And the same thing happens with “There Was a Boy.” Of this poem, Hepburn first makes note of its “apparently irregular” structure, commenting on the different sizes of the stanzas (which are so irregular that Hepburn clarifies that each is “more fittingly called a verse paragraph”); on the presence of “several strong caesuras”; and on the facts “that the iambic pentameter rhythm is often broken” and “that there are many run-on lines” (113). Hepburn then turns from this view of the poem to argue for the structural unity of the poem; he states, “He [Wordsworth] does not rely upon a conventional form such as the sonnet, and he does not invent his own neat stanzaic structure; rather, he creates a fluid organic pattern” (113).

Hepburn begins his discussion of this fluid organic pattern by focusing on the poem’s use of line, including the ways that “incongruent grammatical structures” affect it–he notes, for example, that “almost every line in the first verse paragraph is run-on, and almost all the heavy grammatical pauses–ends of clauses and sentences–are placed within the lines rather than at the ends” (114). Hepburn observes that this technique creates “a steady forward movement” that feels “natural rather than sculpted” (114). Hepburn then contrasts the use of these structural elements to their use in the second verse paragraph, which feels “less unified than the first, and lacks something of its forward movement,” thus coming to seem “a diminishing afterthought” (114).

But, of course, this difference in the deployment of structural elements serves to help the poem enact the feelings and moods on either side of the poem’s major turn from lively celebration of wondrous, mystical life to fragmented mourning. As he considers the significance of this (unnamed) turn, Hepburn thinks about how it seems the second verse paragraph could be removed from the poem without too much loss (whereas “Dust of Snow” would be destroyed by the loss of its second stanza), but that in fact this is not the case; Hepburn states, “Yet nothing is more certain than that in its own way Wordsworth’s second verse paragraph is as important structurally as Frost’s” (114). To make his case, Hepburn notes the parallels between the boy’s and the man’s silent listening, and how, only with the second verse paragraph “does the reader himself [sic] stand mute, looking at boy and man in nature, listening to the meaning of life” (114-15).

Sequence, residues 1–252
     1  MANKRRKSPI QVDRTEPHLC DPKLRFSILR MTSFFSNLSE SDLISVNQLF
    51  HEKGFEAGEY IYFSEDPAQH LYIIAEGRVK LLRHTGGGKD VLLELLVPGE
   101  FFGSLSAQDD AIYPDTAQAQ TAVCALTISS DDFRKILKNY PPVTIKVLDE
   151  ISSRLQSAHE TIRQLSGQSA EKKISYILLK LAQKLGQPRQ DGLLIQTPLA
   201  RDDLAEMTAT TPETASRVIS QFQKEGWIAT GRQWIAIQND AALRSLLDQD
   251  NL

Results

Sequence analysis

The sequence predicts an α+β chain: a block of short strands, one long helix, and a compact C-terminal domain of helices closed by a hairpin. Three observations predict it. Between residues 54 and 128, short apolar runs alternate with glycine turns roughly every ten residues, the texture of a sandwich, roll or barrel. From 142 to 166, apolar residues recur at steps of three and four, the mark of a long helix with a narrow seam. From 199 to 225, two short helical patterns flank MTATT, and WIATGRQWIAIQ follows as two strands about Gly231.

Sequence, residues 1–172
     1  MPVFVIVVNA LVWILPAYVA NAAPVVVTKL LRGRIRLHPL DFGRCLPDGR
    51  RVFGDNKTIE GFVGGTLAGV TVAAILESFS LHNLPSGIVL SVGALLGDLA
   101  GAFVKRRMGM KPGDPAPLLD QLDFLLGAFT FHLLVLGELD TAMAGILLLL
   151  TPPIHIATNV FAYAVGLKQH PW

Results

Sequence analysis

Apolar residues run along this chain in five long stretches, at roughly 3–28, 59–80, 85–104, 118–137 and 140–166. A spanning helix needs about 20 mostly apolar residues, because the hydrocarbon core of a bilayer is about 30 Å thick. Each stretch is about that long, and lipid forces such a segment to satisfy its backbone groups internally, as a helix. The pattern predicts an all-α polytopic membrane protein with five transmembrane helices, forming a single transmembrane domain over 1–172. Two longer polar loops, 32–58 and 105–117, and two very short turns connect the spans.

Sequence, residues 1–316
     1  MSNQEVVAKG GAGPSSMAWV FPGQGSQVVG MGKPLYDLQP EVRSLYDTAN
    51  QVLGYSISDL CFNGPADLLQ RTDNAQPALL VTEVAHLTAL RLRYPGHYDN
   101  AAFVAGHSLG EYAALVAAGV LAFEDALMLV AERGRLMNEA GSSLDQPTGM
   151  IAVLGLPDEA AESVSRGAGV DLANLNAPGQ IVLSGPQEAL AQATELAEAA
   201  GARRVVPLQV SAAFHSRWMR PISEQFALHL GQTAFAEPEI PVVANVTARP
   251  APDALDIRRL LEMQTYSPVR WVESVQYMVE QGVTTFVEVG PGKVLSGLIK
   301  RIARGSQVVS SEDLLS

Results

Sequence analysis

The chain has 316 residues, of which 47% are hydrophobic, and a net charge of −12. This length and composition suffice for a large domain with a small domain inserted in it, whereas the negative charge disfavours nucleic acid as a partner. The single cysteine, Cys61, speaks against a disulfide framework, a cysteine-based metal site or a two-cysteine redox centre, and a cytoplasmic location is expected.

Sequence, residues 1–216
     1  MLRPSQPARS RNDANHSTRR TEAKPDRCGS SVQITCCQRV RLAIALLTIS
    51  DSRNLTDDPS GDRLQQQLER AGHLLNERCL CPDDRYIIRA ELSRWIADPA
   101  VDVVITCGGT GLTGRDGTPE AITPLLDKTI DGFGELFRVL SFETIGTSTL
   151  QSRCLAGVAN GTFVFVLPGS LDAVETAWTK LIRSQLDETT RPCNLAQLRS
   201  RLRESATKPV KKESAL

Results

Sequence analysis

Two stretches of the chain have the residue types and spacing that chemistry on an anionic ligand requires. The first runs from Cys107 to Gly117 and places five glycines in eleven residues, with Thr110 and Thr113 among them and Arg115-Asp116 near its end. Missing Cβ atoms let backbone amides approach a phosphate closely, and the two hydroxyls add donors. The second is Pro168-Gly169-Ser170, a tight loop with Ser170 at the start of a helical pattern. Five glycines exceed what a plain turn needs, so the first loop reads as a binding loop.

Hepburn also makes a point that I think is not quite totally correct and that demonstrates a negative consequence of his inattention to the turn; he states,

As a further means of clarifying the structural importance of the second verse paragraph, contrast it now with the quatrains of Shakespeare’s poem. Any one of the quatrains (any one of the images contained by them) could be removed without vitally damaging the structure of the poem or the poem itself: something important would be lost, the clear and sedate narrowing of images and implication, but the poem could sustain the loss, and remain much the same as before. In Wordsworth’s poem the second image of the listening person reverberates against the first, enhances its meaning, gives the poem a direction into deeper meaning. (115)